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Displacement shifts sexual/aggressive impulses to a more acceptable or less threatening target; redirecting emotion to a safer outlet; separation of emotion from its real object and redirection of the intense emotion toward someone or something that is less offensive or threatening in order to avoid dealing directly with what is frightening or threatening. For example, a mother may yell at her child because she is angry with her husband.

Kevin Coe, born Frederick Harlan Coe on Feb. 2, 1947, is a convicted rapist from Spokane, Washington, often referred to in the news media as the "South Hill Rapist". He has been in custody since conviction in 1981. Starting on September 15, 2008 the State of Washington held a "civil commitment" trial before a jury wherein it argued that he should be declared a sexually violent predator and confined indefinitely; jury selection began that day, and testimony commenced September 29. As of May, 2008, he is still a suspect in dozens of rapes. His notoriety is due to much more than the fact of his statuses as a suspect and convict. The number of victims he has been suspected of having raped is unusually large; his convictions received an unusual amount of attention from appeals courts; his mother was convicted for hiring a hit man against her son's judge and prosecutor after the initial convictions; and the bizarre relationship between Coe and his mother became the subject of a nonfiction book by the widely read writer on crime, Jack Olsen. "Sins of the Mother" is the title of the movie depicting the story.

Dale Midkiff plays the role of Kevin Coe

In 1981 Coe, a radio announcer by profession, gained regional renown when he was arrested as the suspect in up to 43 rapes which had been perpetrated in Spokane between 1978 and 1981. Many of the rapes involved an extreme level of physical injury to the victims, and the police suspected them to be the work of a single offender, who came to be dubbed the "South Hill rapist". It was suggested that Kevin was mad at his mother for treating him like dirt, and that he was displacing his anger towards her onto his victims, the women he raped and hurt.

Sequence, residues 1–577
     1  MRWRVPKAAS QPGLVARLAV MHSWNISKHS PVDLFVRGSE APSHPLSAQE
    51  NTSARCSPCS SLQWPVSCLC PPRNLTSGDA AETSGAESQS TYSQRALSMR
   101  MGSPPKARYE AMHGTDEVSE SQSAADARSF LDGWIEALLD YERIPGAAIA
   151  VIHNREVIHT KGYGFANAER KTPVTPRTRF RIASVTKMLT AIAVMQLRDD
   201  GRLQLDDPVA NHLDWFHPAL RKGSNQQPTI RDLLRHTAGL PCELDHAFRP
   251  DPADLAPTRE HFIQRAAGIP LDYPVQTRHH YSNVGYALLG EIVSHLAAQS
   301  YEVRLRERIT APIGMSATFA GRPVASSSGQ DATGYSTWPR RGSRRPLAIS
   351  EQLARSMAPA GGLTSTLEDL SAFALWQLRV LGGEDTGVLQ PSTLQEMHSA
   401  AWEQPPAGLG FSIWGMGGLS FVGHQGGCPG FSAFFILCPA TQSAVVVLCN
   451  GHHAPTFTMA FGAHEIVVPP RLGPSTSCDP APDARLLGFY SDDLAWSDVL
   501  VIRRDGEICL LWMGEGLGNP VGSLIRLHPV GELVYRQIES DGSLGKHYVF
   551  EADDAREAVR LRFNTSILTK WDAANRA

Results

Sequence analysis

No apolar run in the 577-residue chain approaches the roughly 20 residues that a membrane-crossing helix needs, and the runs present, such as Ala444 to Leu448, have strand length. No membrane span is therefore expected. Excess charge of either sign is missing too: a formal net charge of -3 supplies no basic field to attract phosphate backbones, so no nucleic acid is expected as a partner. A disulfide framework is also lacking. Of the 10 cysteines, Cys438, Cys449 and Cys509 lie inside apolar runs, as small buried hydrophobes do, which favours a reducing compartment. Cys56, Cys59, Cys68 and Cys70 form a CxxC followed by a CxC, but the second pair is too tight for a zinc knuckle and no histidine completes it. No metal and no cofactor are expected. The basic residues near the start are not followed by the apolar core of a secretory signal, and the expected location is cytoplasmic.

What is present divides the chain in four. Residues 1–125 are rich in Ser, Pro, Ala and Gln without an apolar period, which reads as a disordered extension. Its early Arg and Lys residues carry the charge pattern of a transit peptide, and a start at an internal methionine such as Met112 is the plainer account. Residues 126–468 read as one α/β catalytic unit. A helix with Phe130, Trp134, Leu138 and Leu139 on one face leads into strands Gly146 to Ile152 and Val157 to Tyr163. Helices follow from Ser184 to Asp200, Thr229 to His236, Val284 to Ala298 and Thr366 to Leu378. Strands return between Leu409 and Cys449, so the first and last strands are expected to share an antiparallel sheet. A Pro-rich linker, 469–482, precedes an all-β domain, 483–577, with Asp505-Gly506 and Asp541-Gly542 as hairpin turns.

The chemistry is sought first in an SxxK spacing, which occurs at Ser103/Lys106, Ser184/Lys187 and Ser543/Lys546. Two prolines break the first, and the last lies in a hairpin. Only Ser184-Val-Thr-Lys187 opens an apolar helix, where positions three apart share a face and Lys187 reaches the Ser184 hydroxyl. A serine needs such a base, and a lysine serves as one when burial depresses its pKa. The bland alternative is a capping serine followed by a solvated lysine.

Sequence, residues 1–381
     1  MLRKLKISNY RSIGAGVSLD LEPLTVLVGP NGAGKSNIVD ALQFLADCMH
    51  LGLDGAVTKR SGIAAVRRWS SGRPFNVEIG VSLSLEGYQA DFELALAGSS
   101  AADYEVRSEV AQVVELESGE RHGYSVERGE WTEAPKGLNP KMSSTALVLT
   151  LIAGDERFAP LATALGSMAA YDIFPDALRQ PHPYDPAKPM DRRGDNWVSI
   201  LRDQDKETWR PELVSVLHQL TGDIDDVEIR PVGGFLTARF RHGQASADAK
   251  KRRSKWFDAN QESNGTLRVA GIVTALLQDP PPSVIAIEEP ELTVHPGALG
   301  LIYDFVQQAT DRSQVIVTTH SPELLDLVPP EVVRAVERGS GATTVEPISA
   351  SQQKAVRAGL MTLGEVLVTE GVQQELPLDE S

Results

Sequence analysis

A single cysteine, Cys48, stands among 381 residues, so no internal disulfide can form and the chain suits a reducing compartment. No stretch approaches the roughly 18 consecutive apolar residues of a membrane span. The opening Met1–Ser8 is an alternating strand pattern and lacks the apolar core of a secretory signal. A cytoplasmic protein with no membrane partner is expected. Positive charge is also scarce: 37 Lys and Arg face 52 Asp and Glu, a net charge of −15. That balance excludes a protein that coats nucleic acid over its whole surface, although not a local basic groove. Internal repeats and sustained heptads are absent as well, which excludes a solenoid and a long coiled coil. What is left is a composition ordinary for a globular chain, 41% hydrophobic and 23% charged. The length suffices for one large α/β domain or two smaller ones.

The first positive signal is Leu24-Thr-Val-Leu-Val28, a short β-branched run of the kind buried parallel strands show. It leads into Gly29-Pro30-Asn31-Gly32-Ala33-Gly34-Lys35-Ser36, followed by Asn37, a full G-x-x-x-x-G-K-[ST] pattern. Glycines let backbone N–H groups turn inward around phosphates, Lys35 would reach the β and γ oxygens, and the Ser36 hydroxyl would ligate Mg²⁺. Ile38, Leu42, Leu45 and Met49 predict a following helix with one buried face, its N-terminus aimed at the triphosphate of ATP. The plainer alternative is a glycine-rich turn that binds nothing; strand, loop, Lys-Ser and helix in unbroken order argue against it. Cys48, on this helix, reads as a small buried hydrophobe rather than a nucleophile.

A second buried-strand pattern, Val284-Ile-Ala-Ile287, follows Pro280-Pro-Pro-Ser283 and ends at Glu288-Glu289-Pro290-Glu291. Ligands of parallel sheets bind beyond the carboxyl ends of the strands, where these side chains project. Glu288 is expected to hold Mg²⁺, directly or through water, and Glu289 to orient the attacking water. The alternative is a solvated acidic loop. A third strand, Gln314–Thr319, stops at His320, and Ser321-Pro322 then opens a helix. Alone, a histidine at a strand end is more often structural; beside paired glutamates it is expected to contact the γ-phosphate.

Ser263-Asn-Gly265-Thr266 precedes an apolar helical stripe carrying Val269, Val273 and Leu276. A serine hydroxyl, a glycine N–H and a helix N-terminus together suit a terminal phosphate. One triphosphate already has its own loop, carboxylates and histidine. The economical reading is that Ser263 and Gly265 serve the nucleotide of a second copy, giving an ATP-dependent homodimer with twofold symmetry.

Ruth was a total lunatic, overbearing, very protective of Fred - she's rightly portrayed in the movie as the tragico-comical woman she was.


Fight/Flight mentality and the choice of a leader in the Fight/Flight group

As to the choice of a leader for a fight/flight group, Bion says:

"It is usually a man or woman with marked paranoid trends; perhaps, if the presence of an enemy is not immediately obvious to the group, the next best thing is for the group to choose a leader to whom it is."

This statement is important for several reasons. First, it makes it obvious that, according to Bion, it is not the leader who chooses his group -- neither according to his own needs or his perception of the group's needs -- but much more the basic assumption group which seeks and chooses its appropriate leader according to its (unconscious) needs. And second, the group's need to find an enemy, against whom they can either fight or from which they can flee, exists even before that enemy has been found, discovered or, indeed, invented. In other words, one might say, that if the Jews hadn't been there already for the Nazis to identify as the enemy, responsible for their miserable plight, the Nazis would have had to invent them! And as for the leadership role in this fight/flight dynamic, the German people were highly successful in picking a personality from among their ranks (who was, of course not even a German, but an Austrian!), and whose capacities as a leader of the fight/flight basic assumption have remained virtually unparalleled in history, Adolph Hitler. According to Bion, leadership is a product of the group mentality, not its origin. He writes:

The leader, on the basic assumption level, does not create the group by virtue of his fanatical adherence to an idea, but is rather an individual whose personality renders him peculiarly susceptible to the obliteration of individuality by the basic group's leadership requirements.

And here Bion links this phenomenon with the Kleinian theory of projective identification:

To me the leader is as much the creature of the basic assumption as any other member of the group, and this, I think, is to be expected if we envisage identification of the individual with the leader as depending not on introjection alone but on a simultaneous process of projective identification.

This "loss of individual distinctiveness" applies to the leader as much as to anyone else.